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  • Writer's pictureMeg Pemberton

When You Need Help to Care for Your Parents

Whether it happens suddenly or over a period of time, many of us preparing for our retirement years will find ourselves in this predicament. A confused Dad places a plastic bowl in the oven to heat up a meal or you’re asking for another day off to ferry your Mom to multiple medical appointments. The realization hits like a punch in the gut; your gut. You thought you could do this. All of this. Recognizing you are struggling and need help caring for your parents comes with many emotions, fear, guilt, anger, sadness, a sense of failure, or perhaps relief. What happens next when you realize you need help to care for your parents?

The Visceral Response

For me, even as a nurse, my initial response was to soldier on, I could do this. My family could do this. It was what my parents wanted. However, I truly feared what was coming. Admittedly there was a trace of anger. Twice a day dressing changes for months became onerous. Dealing with Mom’s denial regarding my Dad’s diagnosis of Alzheimer’s disease was stressful; involving a lot of late night calls and after work visits. The guilt was overwhelming. Guilt over spending less time with my husband and daughters. Guilt because they were helping my parents when they should not have had to. Guilt that I wasn’t doing enough for my parents.

When to “Throw In the Towel”

Every eldercare journey is different. The pace is largely determined by the increasing difficulty your elder parents face. Adult children as caregivers will respond differently. Our journeys may be similar but each is unique. When you realize you need help to care for your parents you may struggle as I did with “throwing in the towel” and asking for help. My advice to you is to NOT resist the urge to ask for help. Getting help may provide you much needed rest, less stress, and peace. Here are a few signs that it’s time to “throw in the towel.”

Ignoring your self-care needs

o Lack of sleep

o Poor eating habits

o Little or no exercise

o Zero “me time”

Spending less quality time with your immediate family

o Forgetting important family milestones

o Missing family events

Not staying in touch with or spending time with friends

Missing too many days at work

If you recognize any of these signs it may in fact be past time to throw in that towel. I was living almost all of the signs noted. I learned what I had long suspected. No one can truly multitask effectively. I gave in and threw in the biggest towel I could find!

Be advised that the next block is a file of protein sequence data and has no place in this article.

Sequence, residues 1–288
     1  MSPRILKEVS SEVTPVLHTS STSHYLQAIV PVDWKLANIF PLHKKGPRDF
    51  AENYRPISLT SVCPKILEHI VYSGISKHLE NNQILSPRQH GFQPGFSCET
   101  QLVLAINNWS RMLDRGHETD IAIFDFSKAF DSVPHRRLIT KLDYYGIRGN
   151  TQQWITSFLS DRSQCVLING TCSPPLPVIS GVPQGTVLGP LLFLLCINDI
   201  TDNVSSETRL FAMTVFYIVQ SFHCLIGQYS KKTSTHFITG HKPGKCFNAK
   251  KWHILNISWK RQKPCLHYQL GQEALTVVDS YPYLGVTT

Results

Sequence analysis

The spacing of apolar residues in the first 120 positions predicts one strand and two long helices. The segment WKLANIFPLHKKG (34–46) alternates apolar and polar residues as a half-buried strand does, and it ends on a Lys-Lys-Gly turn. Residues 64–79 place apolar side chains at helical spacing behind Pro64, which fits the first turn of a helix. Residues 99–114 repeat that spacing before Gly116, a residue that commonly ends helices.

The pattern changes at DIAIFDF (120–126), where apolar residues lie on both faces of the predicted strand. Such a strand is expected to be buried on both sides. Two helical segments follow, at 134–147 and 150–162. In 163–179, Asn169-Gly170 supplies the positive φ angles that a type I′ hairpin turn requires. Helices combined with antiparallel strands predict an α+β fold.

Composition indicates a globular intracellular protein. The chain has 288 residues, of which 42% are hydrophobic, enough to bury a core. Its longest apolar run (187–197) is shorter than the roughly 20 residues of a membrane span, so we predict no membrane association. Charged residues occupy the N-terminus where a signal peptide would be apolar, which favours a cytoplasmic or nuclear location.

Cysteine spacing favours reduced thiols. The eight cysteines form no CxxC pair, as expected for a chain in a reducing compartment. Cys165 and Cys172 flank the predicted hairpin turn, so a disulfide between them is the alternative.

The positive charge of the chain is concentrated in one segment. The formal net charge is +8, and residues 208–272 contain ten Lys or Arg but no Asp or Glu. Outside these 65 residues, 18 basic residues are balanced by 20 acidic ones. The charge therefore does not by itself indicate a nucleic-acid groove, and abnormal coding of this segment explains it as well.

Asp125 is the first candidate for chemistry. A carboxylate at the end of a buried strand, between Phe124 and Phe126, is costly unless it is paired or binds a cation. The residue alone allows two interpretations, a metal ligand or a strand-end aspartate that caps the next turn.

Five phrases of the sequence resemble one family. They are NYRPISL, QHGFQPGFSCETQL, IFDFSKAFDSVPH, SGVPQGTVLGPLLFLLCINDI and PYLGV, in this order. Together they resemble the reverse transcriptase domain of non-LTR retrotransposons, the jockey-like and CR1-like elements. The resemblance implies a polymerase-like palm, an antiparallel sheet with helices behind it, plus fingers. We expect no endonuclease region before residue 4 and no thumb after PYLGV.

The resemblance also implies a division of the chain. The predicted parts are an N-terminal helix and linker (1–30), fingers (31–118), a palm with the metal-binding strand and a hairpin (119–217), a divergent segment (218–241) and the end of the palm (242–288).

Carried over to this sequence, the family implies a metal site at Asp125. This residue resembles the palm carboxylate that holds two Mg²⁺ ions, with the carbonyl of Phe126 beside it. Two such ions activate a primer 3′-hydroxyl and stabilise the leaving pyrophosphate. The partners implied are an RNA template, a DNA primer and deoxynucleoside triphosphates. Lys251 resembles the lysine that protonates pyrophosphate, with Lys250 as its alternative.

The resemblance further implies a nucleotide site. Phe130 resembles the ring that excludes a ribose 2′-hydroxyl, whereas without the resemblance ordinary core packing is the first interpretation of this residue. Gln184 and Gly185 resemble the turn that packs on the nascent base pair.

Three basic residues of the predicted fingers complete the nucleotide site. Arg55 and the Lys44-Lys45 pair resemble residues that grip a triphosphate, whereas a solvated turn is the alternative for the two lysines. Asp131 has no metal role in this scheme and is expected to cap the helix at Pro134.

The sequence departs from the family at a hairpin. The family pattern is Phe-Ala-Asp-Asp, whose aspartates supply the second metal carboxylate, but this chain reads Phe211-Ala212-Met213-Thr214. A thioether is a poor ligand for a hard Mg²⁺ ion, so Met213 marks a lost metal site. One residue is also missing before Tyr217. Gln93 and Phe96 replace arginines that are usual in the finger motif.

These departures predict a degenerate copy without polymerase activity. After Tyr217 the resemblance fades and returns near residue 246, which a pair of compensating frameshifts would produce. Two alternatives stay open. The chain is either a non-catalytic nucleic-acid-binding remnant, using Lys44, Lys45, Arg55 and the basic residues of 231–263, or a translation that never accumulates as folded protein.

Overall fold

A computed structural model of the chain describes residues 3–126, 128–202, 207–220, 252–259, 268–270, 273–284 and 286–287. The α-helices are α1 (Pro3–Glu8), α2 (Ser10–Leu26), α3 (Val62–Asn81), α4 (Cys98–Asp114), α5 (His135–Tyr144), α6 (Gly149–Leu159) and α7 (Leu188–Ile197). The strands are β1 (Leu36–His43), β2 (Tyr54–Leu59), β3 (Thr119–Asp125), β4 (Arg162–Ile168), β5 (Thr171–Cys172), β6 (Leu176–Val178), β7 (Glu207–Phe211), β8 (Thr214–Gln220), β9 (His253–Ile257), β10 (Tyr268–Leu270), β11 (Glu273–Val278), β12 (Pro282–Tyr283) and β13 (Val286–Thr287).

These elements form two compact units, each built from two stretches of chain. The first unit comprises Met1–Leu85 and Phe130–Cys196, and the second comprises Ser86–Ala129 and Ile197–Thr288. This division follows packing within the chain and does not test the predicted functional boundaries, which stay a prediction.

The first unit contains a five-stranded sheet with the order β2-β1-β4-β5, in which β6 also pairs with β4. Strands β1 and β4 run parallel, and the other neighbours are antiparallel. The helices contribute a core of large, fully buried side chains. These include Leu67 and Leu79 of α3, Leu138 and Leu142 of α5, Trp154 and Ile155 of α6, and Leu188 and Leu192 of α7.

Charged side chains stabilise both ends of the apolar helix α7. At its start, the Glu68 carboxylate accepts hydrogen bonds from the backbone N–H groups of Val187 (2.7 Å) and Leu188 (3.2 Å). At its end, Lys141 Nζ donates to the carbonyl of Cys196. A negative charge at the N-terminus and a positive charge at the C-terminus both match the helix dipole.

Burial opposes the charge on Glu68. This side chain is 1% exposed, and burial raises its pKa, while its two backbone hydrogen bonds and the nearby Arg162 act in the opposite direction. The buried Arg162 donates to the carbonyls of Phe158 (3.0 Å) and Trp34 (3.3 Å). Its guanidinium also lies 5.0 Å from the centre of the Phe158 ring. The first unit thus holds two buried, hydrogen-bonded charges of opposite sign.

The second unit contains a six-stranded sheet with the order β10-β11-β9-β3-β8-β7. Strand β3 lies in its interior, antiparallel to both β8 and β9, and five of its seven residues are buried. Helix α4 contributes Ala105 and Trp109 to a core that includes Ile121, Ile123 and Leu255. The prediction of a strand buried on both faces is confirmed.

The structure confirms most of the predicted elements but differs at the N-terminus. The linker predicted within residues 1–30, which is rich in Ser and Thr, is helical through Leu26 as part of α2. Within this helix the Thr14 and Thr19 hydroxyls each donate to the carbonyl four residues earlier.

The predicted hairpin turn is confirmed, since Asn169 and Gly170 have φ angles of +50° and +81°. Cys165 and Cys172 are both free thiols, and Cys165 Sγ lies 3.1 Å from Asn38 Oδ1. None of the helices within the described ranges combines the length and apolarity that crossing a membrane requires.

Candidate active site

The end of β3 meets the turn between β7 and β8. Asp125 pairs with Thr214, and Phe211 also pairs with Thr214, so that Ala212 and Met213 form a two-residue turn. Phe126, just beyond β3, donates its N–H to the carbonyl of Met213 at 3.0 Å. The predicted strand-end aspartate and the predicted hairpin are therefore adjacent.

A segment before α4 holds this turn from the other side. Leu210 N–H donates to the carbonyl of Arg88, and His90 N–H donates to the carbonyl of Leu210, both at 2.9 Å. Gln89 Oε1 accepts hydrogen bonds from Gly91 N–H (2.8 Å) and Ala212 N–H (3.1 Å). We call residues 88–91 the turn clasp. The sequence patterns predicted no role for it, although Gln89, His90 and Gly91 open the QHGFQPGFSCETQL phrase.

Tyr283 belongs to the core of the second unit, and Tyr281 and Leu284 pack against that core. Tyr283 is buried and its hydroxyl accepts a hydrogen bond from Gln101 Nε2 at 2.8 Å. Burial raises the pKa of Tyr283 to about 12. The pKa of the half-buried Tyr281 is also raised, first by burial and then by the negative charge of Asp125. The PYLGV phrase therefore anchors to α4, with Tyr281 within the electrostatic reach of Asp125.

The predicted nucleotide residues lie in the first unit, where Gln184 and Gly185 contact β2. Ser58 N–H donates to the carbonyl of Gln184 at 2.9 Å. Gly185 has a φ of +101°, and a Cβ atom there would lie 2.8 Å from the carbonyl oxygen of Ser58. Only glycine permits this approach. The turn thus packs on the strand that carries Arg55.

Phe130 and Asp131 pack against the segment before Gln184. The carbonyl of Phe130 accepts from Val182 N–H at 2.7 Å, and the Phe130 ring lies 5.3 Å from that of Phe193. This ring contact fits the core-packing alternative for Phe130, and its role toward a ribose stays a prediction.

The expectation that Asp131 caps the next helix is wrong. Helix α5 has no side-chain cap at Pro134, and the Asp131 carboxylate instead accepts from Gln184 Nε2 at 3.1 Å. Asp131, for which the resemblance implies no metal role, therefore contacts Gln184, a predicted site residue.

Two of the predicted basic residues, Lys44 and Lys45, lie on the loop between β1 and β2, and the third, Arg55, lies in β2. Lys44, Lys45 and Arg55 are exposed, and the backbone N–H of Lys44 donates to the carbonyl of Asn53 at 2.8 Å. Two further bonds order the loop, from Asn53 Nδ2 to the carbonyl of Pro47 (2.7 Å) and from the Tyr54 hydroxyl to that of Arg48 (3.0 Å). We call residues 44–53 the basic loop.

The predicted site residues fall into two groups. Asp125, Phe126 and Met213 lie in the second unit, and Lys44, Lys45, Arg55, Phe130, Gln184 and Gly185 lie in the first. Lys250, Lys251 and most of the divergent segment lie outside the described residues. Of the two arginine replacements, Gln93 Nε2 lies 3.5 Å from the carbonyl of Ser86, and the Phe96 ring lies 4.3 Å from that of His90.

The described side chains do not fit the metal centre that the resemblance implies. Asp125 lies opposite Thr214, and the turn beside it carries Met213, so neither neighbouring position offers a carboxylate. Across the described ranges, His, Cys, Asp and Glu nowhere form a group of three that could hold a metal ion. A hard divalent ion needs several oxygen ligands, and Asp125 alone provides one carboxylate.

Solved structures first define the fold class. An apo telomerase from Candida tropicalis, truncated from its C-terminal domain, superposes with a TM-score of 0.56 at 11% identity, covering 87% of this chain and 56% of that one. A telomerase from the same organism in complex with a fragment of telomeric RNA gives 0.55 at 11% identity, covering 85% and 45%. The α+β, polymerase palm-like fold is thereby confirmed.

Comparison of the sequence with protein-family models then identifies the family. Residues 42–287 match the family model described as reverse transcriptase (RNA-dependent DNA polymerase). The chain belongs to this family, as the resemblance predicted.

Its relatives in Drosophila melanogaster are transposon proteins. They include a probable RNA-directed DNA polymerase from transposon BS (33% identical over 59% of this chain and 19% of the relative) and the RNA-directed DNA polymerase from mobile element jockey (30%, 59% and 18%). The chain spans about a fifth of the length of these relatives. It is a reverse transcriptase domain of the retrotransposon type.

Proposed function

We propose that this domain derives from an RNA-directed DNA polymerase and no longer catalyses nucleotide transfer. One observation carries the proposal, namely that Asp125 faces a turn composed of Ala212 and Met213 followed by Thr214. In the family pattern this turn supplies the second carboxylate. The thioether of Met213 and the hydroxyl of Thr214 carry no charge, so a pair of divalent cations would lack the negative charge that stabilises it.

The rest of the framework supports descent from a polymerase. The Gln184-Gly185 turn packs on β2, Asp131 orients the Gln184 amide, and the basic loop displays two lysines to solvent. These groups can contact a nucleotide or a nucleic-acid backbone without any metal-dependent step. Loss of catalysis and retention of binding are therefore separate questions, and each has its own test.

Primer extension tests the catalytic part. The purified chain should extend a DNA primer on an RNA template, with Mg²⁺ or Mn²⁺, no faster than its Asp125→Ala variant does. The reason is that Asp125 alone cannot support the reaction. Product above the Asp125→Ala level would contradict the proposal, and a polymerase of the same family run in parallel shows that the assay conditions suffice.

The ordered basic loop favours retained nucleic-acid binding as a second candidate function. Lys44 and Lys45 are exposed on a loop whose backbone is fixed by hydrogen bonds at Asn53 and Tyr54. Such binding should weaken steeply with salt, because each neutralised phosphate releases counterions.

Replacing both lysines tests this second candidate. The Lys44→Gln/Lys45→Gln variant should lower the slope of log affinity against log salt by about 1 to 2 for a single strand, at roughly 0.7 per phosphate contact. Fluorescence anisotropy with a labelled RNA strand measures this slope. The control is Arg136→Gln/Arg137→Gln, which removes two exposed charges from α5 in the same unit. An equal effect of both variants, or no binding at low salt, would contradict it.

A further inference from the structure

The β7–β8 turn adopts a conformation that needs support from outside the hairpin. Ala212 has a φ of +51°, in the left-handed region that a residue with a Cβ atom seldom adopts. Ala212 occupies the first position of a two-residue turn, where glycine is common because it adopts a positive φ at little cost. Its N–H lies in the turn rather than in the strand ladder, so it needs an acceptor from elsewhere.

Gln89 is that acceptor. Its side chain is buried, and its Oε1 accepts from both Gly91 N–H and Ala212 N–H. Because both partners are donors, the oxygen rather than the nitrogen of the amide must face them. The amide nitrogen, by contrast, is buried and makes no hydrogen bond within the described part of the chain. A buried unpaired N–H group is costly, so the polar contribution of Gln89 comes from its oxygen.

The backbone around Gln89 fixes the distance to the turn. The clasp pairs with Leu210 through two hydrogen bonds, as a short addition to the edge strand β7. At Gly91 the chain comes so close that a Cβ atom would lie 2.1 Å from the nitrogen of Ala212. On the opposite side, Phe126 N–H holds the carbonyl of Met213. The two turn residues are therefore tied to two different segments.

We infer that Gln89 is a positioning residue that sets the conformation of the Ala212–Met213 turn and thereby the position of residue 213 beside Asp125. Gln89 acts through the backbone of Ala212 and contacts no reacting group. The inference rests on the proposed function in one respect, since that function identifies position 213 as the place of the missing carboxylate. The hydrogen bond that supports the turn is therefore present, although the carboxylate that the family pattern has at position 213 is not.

Finding the Resource that Fits Best

In a prior blog post I shared some information regarding some resources (click here). Identifying which resource to use will depend on your unique situation. See below for two resources and their roles.

Geriatric Care Managers (GCM) are ideal for families trying to care for their elderly parents from a distance. GCMs can provide: (Insert link to NIH)

o Make home visits and suggest needed services

o Assist with making short- and long-term plans

o Evaluate in-home care needs

o Coordinate medical services

o Evaluate other living arrangements

Certified Senior Advisors (CSA) are ideal for helping adult children and seniors identify appropriate resources within their community. This includes identifying the best options and solutions intended to improve their lives. (insert link to SCSA) Services include:

o Recommendations and referrals to local resources (e.g.: Home Care Agencies, Assisted Living)

o Home assessments for safety and evaluation of needs

o Assistance with financial planning

o Assistance with Medicare and Medicaid

o Assistance with identifying applicable Veteran’s benefits

Many of the services provided by GCMs and CSAs overlap; each providing to some degree the same services noted. The differences between the two may be solely their education and level of certification. GCMs may be found in a variety of facilities providing ombudsman type services for residents. CSAs may be found in a variety of agencies (e.g.: non-medical home health agencies). Many financial planners are also CSAs. Both GCMs and CSAs may provide consultative services in the effort to support seniors and their families.

Decisions, Decisions…

Once you’ve recognized the need for assistance it’s time to do some research. Time, distance, money, and the most obvious needs of your parents will dictate where to look first. If your journey is just beginning with a new diagnosis of dementia, your parent’s primary care physician can point you in the right direction. However, reaching out to your local Alzheimer’s Association Chapter or Area Agency on Aging are good places to start. If your parent is in need of companion or personal care, a GCM or CSA can help you identify the best fit be it in home or an assisted living situation. The options are many and they are varied both in level of service and cost. Please see my growing list of resources (click here).

We chose a GCM to help us navigate the world of assisted living and Medicaid (for Dad’s eventual move to skilled care). She was amazing. We could not have managed as well as we did without her. She is in part how I ended up becoming a CSA.

So here is where I must share that this blog is not sponsored by anyone and I am in no way indicating a preference for one resource versus another. Though I am available for consultation I continue to refer to GCMs and financial planners in my area. Your eldercare journey is unique to you and your parents. There is no single, perfect resource for each journey. When you need help to care for your parents, you’ll need to do what’s best for you and them. Just remember, it’s okay to ask for help.


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